Critique The enjoyable steps of my weekly hot chocolate ritual

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I look so forward to my weekly hot chocolate, not just because I enjoy drinking it but also because I enjoy the simple process of making it.

Setups
See my next post for photos of the setups.


Step 1: Selecting the cocoa flavor and pouring the milk
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Step 2: Optionally adding spices, such as this cinnamon and ginger
Mike 2021-01-19--0002-S.jpg
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Step 3: Adding the cocoa
Mike 2021-01-18--0021-S.jpg
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Step 4: The machine automatically heats and whisks the mixture.
Mike 2021-01-19--0011-S.jpg
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Step 5: Pouring the hot chocolate
Mike 2021-01-19--0013-S.jpg
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Step 6: Savoring the hot chocolate
Mike 2021-01-20--0001-S.jpg
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Butlerkid

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Karen
Superb images! I really like the background and table top choices! #5 should be in their ad!!!! Wow!
 
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Setup for Photos #1 and #3
Mike 2021-01-18--0018-S.jpg
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Setup for Photos #2 & #4

The flashlight added shape to the handle by adding highlights to it.
Mike 2021-01-19--0003-S.jpg
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Setup for Photo #5

The white material at the rear lit from behind by the speedlight is translucent, frosted acrylic. That part of the setup added highlights to the transparent mug.
Mike 2021-01-19--0014-S.jpg
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Setup for Photo 6:

The flashlight helped define the shape of the mug by brightening the left side of the hot chocolate. Seven focus-bracketed images at Nikon step size 3 were stacked in Helicon Focus at default settings.
Mike 2021-01-20--0002-S.jpg
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Joined
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Thank you to Karen and Nick!

#5 should be in their ad!!!!
The company ships two white, ceramic mugs with each machine. One reason I bought the mug in my photo is because it's transparent, which made photo #5 much more dramatic than would be possible using an opaque mug. The other reason I bought it is that I'm enjoying my new hot chocolate hobby so much that I'm going to display a collection of mugs on a "floating" shelf in my kitchen. The shelf has already been ordered and I look forward to the day that I can travel widely again and bring home mugs as enjoyable memories of my trips.

I'm sure that by step 4 I'd be drooling into the machine!
Not to worry: The machine has a top that I omitted from photo #4 so I could photograph the mixture being whisked. The liquid never gets near the top, so my guess is that it's necessary to properly heat the liquid.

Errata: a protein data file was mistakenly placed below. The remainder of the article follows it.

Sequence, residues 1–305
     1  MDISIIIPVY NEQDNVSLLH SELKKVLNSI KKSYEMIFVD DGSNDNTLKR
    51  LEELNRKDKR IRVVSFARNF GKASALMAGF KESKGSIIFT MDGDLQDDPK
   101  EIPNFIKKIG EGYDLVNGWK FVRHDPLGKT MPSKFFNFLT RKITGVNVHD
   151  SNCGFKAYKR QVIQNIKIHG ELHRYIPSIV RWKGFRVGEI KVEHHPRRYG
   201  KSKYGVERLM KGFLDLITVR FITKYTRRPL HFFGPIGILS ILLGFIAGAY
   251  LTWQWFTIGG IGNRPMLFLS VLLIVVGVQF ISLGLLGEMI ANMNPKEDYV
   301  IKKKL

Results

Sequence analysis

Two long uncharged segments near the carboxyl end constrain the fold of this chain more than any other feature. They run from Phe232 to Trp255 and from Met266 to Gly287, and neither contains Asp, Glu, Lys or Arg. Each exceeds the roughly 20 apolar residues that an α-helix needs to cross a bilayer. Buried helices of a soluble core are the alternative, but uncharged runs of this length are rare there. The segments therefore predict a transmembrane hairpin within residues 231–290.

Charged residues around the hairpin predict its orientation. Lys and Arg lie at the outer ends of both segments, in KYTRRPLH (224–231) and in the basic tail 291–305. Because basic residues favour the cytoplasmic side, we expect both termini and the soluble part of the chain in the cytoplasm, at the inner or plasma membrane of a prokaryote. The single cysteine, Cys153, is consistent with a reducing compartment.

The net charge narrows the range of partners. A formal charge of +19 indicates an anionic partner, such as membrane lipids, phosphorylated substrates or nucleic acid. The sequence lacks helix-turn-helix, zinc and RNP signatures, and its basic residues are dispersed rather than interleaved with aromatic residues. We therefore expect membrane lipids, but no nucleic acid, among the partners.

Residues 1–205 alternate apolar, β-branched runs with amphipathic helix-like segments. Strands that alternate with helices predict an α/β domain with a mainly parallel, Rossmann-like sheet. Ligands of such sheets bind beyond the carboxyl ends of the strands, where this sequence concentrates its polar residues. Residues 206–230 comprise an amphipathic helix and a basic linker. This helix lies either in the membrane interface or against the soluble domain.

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Huddinge, Sweden
These is stunning! As mention before these looks like great ads for that machine and chocolate.

#4
The pure geometric shapes together with what the chocolate looks like with the selected shutter speed is stunning.

In #5 is the bluish highlights planned? Regardless its great.

The set up images are really helpful to visually get how you placing various lighting and other materials in relation to the subject.

Thanks for sharing

Daniel
 
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Thanks, Daniel!

In #5 is the bluish highlights planned?
Not only were those blue highlights not planned, I had never seen them despite that I've specialized for years in photographing glass using the principles in this lighting setup. The mug is made of borosilicate glass and I'm guessing that that type of glass produces those highlights. I doubt that I've ever photographed that kind of glass before making this photo, which could explain why I've never seen these highlights. I agree that those cool tones nicely complement the image's warm tones.

It's good to know that the photos of the setup are helpful to you, as I've only recently been able to provide them now that I've enlarged my makeshift studio just a bit.

By the way, the maker of the machine and chocolate has a UK website, which would be more convenient for you than the US website if you're interested in buying the hot chocolate system: https://www.hotelchocolat.com/uk They might even have a closer facility.
 
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Joined
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The machine's clever method of whisking the hot chocolate is unlike anything I've ever seen. The whisk is placed in the machine using the grey handle displayed in the center of photo #4. There is nothing to fit; you simply place the whisk in the container that holds the liquid. Parts of the bottom of the whisk are magnetized, as you can feel the machine "grab" the whisk when it gets close to the bottom. When the machine is turned on, some of the machinery that is hidden beneath the container holding the liquid apparently rotates. Despite that the whisk is not directly attached to those rotating parts, the whisk also rotates because it's magnetized. The grey handle and other parts of the whisk's housing, however, remain motionless.

One of the fun aspects of photography for me is realizing the details we discover from a photograph that, otherwise, we would never have noticed. When I reviewed photo #4 at 100% magnification, I noticed that the tiny particles of chocolate "dust" on the whisk's handle were tack sharp, whereas they would have been blurred if the handle had been rotating. Prior to making that observation, I incorrectly assumed the whisk's entire housing was rotating when the machine was turned on.
 
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